This case involved a dispute between two homeowners („Owners“) and their homeowners association („Association“) over Owners‘ right to construct a pool house that exceeded the size limitations imposed by Association’s governing documents. Association had the following provisions in its governing documents (Declaration) that were at issue: (i) Article V, Section 1, which instructs the Board to create an Architectural Committee, „for the purpose of ensuring“ the general suitability of new improvements with respect to other construction in the subdivision; (ii) Section 5.3(a), which prohibits homeowners from constructing improvements until the construction plans and specifications have been improved in writing by the committee, but if the committee fails to approve or disapprove construction plans and specifications within 30 days of their submission, the committee’s HOA construction approval will be deemed given, and an approval, whether by affirmative action or default, will be null and void if construction is not commenced within 180 days; and (iii) Section 7.16 (a), which provides that „outbuildings and detached structures shall not be permitted unless approval, in writing is obtained“ from Association prior to the commencement of any construction. Because Association’s Board did not create an independent architectural committee, the Board itself acted as the committee.
In February, 2014, Owners requested permission from Association to construct a pool and pool house. The Board approved the proposed pool, but not the pool house because it exceeded the size limitation of 100 square feet imposed by the Declaration. Owners held off on construction of the pool and in July of 2015, they submitted another request for HOA construction approval of the same pool and pool house. The Board again approved the pool but not the pool house due to the size. In September, 2015, Owners submitted a revised document to the Board with handwritten notations indicating changes to the pool and the position and dimensions of the proposed pool house. The revised proposal for the pool house still exceeded the size limitation of 100 square feet. The Board did not take affirmative action to approve or deny Owners‘ revised plans.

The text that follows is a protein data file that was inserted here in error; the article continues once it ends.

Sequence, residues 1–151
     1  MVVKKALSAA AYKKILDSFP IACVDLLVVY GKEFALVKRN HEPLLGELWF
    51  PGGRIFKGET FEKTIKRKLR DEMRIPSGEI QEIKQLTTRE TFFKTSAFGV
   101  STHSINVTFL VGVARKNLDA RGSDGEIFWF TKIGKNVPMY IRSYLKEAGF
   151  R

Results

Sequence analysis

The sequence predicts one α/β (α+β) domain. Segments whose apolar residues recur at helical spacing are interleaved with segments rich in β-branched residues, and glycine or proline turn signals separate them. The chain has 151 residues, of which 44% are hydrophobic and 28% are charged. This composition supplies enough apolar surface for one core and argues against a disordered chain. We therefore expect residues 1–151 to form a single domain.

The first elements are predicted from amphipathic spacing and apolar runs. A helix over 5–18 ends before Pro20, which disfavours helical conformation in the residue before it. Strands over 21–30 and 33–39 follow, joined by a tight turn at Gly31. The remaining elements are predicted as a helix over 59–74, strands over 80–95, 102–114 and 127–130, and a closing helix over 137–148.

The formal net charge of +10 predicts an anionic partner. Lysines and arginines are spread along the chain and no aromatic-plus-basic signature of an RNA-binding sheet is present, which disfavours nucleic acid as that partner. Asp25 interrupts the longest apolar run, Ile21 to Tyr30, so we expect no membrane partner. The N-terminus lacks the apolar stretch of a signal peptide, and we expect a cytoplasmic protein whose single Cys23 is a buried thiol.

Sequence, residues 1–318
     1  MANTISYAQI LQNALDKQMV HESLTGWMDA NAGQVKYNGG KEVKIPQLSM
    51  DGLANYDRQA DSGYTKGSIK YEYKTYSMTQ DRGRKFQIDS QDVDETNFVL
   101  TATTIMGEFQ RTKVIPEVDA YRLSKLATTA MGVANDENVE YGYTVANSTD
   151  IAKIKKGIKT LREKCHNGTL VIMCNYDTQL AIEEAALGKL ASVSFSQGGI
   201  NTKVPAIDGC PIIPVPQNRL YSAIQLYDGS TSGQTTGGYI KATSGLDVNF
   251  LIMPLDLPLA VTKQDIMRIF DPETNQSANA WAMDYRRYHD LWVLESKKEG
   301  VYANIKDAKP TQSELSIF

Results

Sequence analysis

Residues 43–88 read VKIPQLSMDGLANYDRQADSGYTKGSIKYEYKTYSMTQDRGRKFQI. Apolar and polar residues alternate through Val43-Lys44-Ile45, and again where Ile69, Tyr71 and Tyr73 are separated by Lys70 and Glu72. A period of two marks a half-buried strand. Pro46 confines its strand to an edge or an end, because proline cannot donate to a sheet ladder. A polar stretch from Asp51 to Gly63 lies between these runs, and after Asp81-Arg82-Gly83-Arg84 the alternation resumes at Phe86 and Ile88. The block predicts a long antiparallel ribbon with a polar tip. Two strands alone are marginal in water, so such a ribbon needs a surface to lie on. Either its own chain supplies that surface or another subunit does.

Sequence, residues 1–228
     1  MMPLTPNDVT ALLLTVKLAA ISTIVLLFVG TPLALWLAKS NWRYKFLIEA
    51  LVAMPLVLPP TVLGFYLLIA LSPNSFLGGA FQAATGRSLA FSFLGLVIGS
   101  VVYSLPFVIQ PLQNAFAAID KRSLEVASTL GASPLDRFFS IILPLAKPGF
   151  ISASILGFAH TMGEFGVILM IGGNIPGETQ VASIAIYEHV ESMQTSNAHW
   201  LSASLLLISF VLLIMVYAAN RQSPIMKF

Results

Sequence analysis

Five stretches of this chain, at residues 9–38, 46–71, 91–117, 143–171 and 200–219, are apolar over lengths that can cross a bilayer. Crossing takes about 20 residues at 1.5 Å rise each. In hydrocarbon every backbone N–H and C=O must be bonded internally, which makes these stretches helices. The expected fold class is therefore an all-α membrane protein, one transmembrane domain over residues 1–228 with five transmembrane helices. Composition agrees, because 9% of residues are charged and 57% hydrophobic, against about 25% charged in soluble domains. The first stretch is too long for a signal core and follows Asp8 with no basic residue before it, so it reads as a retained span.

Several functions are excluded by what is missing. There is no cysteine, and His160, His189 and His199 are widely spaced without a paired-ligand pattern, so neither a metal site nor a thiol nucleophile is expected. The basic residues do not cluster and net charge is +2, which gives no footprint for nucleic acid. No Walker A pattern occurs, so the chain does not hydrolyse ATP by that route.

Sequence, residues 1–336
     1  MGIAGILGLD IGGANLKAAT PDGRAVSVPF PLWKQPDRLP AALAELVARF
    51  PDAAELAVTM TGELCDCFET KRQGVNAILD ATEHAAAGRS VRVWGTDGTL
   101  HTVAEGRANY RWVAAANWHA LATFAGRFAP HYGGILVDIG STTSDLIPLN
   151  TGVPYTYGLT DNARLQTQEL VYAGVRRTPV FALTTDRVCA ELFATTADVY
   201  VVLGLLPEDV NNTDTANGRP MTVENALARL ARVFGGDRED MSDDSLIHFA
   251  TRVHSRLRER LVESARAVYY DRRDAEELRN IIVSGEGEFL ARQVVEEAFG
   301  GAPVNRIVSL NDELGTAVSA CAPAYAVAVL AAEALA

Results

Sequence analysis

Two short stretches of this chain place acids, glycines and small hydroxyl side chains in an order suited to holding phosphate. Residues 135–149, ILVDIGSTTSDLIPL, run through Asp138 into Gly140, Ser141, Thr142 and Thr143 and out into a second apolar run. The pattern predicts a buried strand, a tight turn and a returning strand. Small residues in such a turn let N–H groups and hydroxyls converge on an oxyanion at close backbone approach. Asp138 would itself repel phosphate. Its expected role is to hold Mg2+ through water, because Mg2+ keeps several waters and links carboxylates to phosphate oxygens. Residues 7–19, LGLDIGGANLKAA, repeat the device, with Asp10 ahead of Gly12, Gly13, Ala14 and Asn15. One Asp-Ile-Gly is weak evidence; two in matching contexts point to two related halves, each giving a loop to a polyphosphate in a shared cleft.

Undeterred, Owners started construction in late October of 2015, and in December of 2015, Association filed suit against Owners seeking injunctive relief and recovery of attorney’s fees and costs. The trial court granted summary judgment in favor of Association for the requested injunctive relief after finding that the Declaration establishes separate functions for the Board and the Architectural Committee which consist of the committee being responsible for evaluating the aesthetics of a proposed improvement, and the Association (acting through its Board) being responsible for either authorizing, or refusing to authorize, in writing, the actual construction of improvements for which plans had been approved by the Architectural Committee. The trial court reasoned that, even if the submittal of the revised document by Owners at the September 2015 Board Meeting were deemed approved by default (the Board took no action on it), the Board did not provide the required written permission that is the second required function in the approval process for constructing a pool house (outbuilding).
Owners appealed contending that, because Association’s Board did not affirmatively approve or deny construction in accordance with the revised documents that had been submitted to the Board in September of 2015, they received permission to construct their desired pool and pool house by default. In their appeal, Owners contended that the Board’s approval of the plans by default, based on the September, 2015, meeting, also satisfied the requirement in the Declaration for „approval in writing“ by Association prior to the commencement of work.
After finding that the trial court’s interpretation of the provisions in Association’s Declaration that were at issue were consistent with the intent of the parties to the Declaration, the appellate court concurred with the findings of the trial court that Association’s Declaration created a separate role for the Architectural Committee to review plans for a proposed improvement to determine general suitability and compliance with applicable standards, and following the committee’s action (or inaction), Association’s „written approval“ prior to the construction of an outbuilding was required. Thus, the appellate court ruled that, even if there was a default approval of the plans, that did not satisfy the need for Association’s written approval to proceed with construction of the pool house.
Accordingly, the granting of injunctive relief in favor of Association was proper, subject to the trial court considering on remand of the case, whether the pool house structure that had been built without HOA construction approval could be brought into compliance with the size limitation imposed by the Declaration, as opposed to entirely removing it.
See case decision: Stonebridge_Neighborhood_Ass’n_Inc._v._Knapinski_2018_Ohio_424_(Ohio_App._2018)1